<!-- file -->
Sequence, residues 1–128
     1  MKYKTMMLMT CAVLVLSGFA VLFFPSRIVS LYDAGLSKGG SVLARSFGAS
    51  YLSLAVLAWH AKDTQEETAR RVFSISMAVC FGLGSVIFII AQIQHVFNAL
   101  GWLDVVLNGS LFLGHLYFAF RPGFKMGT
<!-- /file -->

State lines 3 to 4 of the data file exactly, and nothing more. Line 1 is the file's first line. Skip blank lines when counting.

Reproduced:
    51  YLSLAVLAWH AKDTQEETAR RVFSISMAVC FGLGSVIFII AQIQHVFNAL
   101  GWLDVVLNGS LFLGHLYFAF RPGFKMGT